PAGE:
While some designers (well, I specifically think about the two that landed in every industry news headline last week) fail to understand and respect other cultures than theirs, Valentino’s Pierpaolo Piccioli doesn’t have that problem. His pre-fall 2018 collection for both, women and men, was presented in Tokyo a few days ago and it was far, far away from getting trapped in stereotypical thinking. The first dozen of looks was a punch of red: parkas, furs, florals, duvet jackets, sheer frocks, shirts, loosely fitted pants, everything in red. The next 30 or 40 looks were mostly black or white, with a few pastel exceptions. The closing looks – made for the red carpet – were all about red, again. But we’re speaking of Valentino red, which is a deep and absorbing shade. Lots and lots of tulle and silk was used for each of these evening gowns. And they did look exquisite, couture-level. Shortly, it seemed to be a regular Valentino collection that could be equally presented in Paris, New York or Rome. That was Piccioli’s goal: to show that today’s Valentino is an international brand, suited for women and men from very different destinations. Still, there were some Japan-related hints behind the collection. They were subtle and well-balanced. Piccioli is drawn to the Japanese art of kintsugi, of repairing the cracks of broken porcelain with a molten gold effect that adds new layers of beauty, “so the most broken pieces become the most precious—the opposite to Western culture. Time adds something to beauty.” Did he mean the ever-changing codes of Valentino? Or maybe that was a light metaphor for the art of autumn layering the designer mastered so well this season? Pierpaolo was also moved by this one aspect of Japanese culture that is extremely alive especially today – specifically “the symbolic act of dressing up. People in the street dress like a ceremony, like a ritual”. Other than Moncler, the designer did two more special collaborations this season – both with Japanese visionaries of their own crafts. Renaissance art appeared in the purses produced in collaboration with Undercover’s Jun Takahashi, which will only be sold in Valentino’s Tokyo flagship store. The playfully surreal self-portraiture of the 21-year-old artist Izumi Miyazaki appeared on loose dresses and parkas – it certainly brought more vigour to the line-up. It’s not the first time when I say this: Valentino blooms with Pierpaolo in charge of it.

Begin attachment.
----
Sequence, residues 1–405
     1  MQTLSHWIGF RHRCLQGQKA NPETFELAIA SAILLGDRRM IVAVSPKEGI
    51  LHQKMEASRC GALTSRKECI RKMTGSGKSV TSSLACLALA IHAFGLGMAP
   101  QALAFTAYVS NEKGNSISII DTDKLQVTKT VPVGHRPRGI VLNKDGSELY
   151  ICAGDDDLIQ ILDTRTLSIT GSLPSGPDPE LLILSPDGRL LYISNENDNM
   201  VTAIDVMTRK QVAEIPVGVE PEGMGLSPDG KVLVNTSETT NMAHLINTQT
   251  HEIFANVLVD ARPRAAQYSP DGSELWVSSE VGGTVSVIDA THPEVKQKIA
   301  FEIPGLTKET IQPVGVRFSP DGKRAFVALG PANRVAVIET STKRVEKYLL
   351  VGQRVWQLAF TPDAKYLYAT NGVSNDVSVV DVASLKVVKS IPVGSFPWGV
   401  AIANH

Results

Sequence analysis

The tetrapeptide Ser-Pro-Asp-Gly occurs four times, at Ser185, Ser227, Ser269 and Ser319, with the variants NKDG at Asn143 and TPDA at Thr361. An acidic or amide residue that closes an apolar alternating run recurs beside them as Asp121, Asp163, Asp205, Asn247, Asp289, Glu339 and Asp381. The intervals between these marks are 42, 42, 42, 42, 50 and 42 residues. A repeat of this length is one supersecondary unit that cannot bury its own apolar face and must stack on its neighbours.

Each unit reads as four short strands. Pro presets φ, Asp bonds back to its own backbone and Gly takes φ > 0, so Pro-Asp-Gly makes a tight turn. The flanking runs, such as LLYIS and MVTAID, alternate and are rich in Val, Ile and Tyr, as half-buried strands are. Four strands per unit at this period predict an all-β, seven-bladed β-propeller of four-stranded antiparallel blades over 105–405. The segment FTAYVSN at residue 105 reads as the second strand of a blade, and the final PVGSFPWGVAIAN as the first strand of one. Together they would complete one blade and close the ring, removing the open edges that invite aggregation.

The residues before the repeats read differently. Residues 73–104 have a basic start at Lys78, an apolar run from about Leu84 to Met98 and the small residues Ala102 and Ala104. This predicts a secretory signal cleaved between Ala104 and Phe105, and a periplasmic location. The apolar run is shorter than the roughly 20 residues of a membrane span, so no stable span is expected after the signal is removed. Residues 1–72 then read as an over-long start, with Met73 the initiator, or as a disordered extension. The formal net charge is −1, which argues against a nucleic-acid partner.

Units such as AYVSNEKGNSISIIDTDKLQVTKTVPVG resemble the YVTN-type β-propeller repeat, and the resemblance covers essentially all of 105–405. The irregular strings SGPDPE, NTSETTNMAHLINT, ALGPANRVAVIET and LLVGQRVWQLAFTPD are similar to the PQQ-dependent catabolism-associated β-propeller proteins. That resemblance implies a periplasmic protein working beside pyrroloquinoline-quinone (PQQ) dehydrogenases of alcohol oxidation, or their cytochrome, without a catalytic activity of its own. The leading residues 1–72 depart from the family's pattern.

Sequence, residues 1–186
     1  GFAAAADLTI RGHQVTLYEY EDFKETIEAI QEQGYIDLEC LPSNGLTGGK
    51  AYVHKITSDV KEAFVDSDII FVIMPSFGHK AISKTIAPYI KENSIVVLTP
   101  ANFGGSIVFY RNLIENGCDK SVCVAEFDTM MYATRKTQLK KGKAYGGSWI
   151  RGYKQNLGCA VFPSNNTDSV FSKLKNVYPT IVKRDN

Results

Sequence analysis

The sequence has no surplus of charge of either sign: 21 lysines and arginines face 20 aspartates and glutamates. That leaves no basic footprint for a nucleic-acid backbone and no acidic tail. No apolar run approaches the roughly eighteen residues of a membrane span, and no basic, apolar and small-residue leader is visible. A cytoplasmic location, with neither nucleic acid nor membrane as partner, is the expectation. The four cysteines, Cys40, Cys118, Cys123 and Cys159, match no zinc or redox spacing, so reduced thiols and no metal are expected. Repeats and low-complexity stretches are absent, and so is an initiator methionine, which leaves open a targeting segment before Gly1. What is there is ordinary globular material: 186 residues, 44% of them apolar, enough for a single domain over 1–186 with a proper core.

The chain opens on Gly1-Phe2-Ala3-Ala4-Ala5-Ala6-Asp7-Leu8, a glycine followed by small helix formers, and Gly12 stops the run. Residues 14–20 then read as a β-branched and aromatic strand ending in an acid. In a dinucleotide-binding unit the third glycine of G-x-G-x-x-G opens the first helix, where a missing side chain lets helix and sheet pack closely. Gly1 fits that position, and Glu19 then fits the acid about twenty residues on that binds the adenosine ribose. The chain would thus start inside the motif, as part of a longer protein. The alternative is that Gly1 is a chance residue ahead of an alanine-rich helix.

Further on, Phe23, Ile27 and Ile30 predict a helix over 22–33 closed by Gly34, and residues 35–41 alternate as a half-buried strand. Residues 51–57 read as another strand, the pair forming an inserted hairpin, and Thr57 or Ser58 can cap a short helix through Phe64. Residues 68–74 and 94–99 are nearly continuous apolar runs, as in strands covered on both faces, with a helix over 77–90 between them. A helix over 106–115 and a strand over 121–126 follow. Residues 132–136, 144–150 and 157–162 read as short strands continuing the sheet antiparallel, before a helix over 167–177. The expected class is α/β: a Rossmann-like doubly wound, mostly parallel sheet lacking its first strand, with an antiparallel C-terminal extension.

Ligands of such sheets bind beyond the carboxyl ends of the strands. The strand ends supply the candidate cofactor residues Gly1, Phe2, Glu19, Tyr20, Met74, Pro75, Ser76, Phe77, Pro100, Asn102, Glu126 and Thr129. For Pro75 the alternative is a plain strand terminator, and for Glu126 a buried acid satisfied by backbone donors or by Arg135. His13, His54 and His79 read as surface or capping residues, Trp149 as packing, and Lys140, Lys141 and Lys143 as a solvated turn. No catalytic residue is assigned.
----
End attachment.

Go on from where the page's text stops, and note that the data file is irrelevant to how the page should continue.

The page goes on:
Collage by Edward Kanarecki.
The first part of Pierpaolo Piccioli’s spring-summer 2019 offering at Valentino could be read as the designer’s departure from the magnificent, Italian glamour he channeled in the past few seasons. With Kristen McMenamy (scream) and Maria Carla Boscono on the runway, Piccioli sent down an all-black line-up of minimally cut dresses with balloon sleeves, ball skirts and loosely fit suits. It’s been a while since we’ve seen such an impressive use of black, especially for summer. Somehow, the effect was far from solemn. But, if you missed Pierpaolo’s recent fashion galore, here you are: somewhere in the middle of the collection, a colour explosion took place. Valentino red looked less dramatic, but more joyous. Matisse and Gaugin-inspired prints were used for mini-dresses that got as well trimmed with feathers. This season’s use of tulle (delightfully pleated) as well made Valentino’s ready-to-wear top the ranks for the evening occasions. One can’t forget the huge, straw hats that brought even more glory to the collection. Piccioli is growing stronger and stronger as the sole creative director at the house. It’s a pleasure to watch him do wonders.
Collage by Edward Kanarecki.